“They lost the game, but had they won, we would have jumped in the van and we would have been out there with the team that Saturday,” said Darla Gray, Trevin’s mom. “So, when the team was selected to play in the NCAA tournament, they already knew we could drive to Brooklyn. Buffalo is a little closer, so they asked us to come to Buffalo.”


Trevin and his mom were in Buffalo, N.Y. for the Flyers’ wins over Ohio State and Syracuse. They then headed back home, and attended UD’s practice that following Tuesday before heading to Memphis for the Flyers’ games with Stanford and the no. 1-ranked and top-seeded Florida Gators.


“My favorite part has been just getting to meet all of the players,” Trevin said. “My dad has been going to Flyers games for years, and he’d take me to the games. I guess I’ve been a Flyer fan ever since then.”


His dad, Kyle Gray, is a former coach and teacher at Xenia High School. He left his position with the school in order to spend more time with Trevin.


Gray has left a mark on UD coach Archie Miller, too.


“From the very start when Trevin’s story came to us, it was clear that we could both help one another,” said Miller. “He’s a terrific kid who’s had to battle early on in his life with some real adversity, adversity that isn’t gone in 24 hours. With Trevin’s perspective on things and his positive vibe when he’s around, I’m not sure there is a better person around that could represent what our program is about than Trevin.”


Because of the Ehlers-Danlos Syndrome, Trevin is able to attend classes at Warner for half a day. The rest of the time is spent following his doctors’ strict guidelines for resting and exercising, as part of a daily physical therapy regiment.


The Flyers brought an exercise bike courtside, so that Gray could do his own workout during UD’s practices. Trevin is restricted from lifting anything heavier than 5 pounds. According to his mom, Trevin’s body is so fragile that he’s dislocated his ankles, knees, knee cap, elbows and his shoulders just from walking. He often needs use of an electric wheelchair to help him get around. In class, Trevin uses an iPad to snap photos of his class chalkboard notes, because the use of a pen could damage his fingers.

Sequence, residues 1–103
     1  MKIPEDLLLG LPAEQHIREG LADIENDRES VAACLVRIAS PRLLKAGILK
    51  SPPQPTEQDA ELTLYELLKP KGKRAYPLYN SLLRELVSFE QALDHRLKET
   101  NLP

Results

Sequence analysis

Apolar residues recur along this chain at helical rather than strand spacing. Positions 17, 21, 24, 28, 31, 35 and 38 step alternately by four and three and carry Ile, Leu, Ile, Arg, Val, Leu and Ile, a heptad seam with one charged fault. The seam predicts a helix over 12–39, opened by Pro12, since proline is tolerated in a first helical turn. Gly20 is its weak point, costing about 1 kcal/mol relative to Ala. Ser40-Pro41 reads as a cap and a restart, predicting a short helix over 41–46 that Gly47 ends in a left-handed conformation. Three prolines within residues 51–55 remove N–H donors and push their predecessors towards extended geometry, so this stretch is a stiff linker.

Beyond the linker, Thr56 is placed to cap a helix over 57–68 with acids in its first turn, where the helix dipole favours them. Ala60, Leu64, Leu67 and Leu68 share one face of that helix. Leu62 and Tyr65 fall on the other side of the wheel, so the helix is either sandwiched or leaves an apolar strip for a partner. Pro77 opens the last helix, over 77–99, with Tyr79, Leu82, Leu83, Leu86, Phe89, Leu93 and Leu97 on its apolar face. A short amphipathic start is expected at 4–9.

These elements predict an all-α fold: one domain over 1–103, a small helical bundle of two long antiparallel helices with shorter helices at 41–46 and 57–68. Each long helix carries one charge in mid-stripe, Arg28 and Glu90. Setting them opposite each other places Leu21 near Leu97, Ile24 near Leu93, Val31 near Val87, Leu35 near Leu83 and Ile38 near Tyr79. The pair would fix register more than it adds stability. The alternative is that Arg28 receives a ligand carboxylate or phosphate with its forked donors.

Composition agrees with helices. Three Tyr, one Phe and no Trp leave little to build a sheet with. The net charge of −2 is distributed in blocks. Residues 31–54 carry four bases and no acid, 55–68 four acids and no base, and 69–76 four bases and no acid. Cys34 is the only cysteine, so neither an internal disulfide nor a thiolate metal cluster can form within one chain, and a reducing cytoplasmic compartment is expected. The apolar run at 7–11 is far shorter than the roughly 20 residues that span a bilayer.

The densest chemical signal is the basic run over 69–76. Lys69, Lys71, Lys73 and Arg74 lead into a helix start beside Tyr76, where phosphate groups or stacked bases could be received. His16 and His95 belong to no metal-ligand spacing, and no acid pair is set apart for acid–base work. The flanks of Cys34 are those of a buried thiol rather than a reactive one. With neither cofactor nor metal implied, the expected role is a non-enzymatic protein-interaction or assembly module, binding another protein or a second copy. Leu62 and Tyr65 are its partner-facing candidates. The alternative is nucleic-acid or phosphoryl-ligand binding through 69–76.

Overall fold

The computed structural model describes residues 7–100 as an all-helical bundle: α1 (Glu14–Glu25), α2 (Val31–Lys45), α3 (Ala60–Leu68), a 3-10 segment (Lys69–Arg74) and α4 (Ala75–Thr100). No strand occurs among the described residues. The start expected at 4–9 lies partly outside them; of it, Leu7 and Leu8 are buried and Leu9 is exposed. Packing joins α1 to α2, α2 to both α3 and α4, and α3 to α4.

But all that is forgotten when he’s courtside with his beloved Flyers.


“It has been an amazing experience for Trevin, because it allows him to be a kid, which allows me to just feel some relief with his condition,” Darla Gray said. “We don’t know for sure whether or not Trevin will get to do this with the team next year, but we’re hoping so.”


Trevin surely hopes so.


“Coach Miller has already told me to come to practice with him during the off-season. You can bet that I’ll be there!” he said. “Right now, I’m just ready for Winter to be over. I want to start enjoying some warmth for a change.”


According to TEAM Impact, the organization formed in 2011 to improve the quality of life for children facing life-threatening and chronic illnesses through the power of teams. TEAM Impact children are drafted on to local college athletic teams, and become official members of the team from “Draft Day” through to graduation.